Celia Ockey and her husband have donated to Brigham Young University nearly every year since they graduated in the 1980s.
By now, she estimates, they’ve given the private Provo school about $40,000. They’ve earmarked most of it for the basketball team, which they love to support by going to games and funding scholarships.
But the Ockeys aren’t planning to give any more money to their alma mater. Not this year, at least. And not, Ockey said, until BYU changes how it enforces its strict Honor Code.
“It’s just putting a black mark on the university,” she said. So for now, she added, “we will donate elsewhere. There are other schools.”
The religious university, owned by The Church of Jesus Christ of Latter-day Saints, has faced renewed criticism in the past few months for how its Honor Code Office handles allegations of misconduct and imposes punishment. Students have come forward to talk about their experiences, including being asked probing questions without knowing what they’re accused of, being encouraged to turn in their peers and being threatened with suspension for actions such as holding hands with a person of the same sex.
BYU decided in 2017 to grant amnesty for Honor Code violations to students reporting sexual assaults, after victims said they were being punished. The new discussion has again garnered national attention, prompting the school this week to announce that it’s beginning to update its policies to be more transparent.
For many alumni, though, doubts remain. And it’s causing some to reconsider their ties and contributions to the school.
Ockey, her husband and others are cutting off their donations. Some have pledged to no longer attend football games. A few say they’re worried about having the school listed on their résumés.
“It’s all very disappointing,” said Ockey, 56, who suggests shutting down the Honor Code Office. “I’m just appalled that there hasn’t been more action.”
When BYU alumnus Joshua Butler bought a new car two years ago, it was an easy decision to get a license plate with the school’s signature "Y" on it. He enjoyed his time at the school, and he knew the $35 he paid yearly would go toward student scholarships — which was important to him because he received similar financial help when he attended the Provo university between 2010 and 2015.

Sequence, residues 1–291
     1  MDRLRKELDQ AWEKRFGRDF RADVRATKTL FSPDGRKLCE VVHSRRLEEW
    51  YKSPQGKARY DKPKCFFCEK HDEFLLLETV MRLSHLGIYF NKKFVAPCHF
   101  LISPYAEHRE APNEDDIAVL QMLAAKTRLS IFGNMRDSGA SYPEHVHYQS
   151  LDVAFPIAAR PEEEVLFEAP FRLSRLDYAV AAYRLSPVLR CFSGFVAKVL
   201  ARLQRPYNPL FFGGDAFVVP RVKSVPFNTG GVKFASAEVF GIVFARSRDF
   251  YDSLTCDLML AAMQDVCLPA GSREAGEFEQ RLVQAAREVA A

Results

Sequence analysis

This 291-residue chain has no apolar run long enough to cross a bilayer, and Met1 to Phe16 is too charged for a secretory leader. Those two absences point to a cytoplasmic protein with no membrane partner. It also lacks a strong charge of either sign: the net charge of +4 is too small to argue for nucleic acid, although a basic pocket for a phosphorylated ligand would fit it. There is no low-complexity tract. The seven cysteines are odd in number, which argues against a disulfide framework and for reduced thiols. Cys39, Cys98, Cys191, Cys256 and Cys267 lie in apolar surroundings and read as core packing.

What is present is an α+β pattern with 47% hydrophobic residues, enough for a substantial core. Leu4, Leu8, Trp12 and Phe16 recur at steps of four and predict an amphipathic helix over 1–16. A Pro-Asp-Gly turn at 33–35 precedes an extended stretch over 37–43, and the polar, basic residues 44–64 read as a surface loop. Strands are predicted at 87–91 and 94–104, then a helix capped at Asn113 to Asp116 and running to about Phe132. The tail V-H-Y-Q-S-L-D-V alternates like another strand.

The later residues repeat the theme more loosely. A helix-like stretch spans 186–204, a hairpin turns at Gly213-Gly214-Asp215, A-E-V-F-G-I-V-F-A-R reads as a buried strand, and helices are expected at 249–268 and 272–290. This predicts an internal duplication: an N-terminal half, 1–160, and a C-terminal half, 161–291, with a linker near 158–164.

But, after reading stories on a popular Instagram page about how students say they were treated by the Honor Code Office, he feels “a little bit embarrassed” driving around with such a public sign of support for the school.
"I love BYU, and I think it's a great school," he said. "But there's some crap that I wasn't aware of that needs to be changed."
Now 32, Butler said he came out as gay during his time at BYU and had a positive experience. He felt safe there. But when he scrolls through the Instagram account and sees stories of LGBTQ students who say they were punished by the office or lived in fear of being turned in, it bothers him.
"I just have this sense of survivor's guilt," he said. "I feel terrible for these other [students] who didn't have as good of an experience as me.”
The issue of LGBTQ students feeling targeted by the Honor Code Office was raised frequently during a protest held on campus last month, which more than 500 people attended. Some said they were punished for being in a same-sex relationship or identifying as transgender.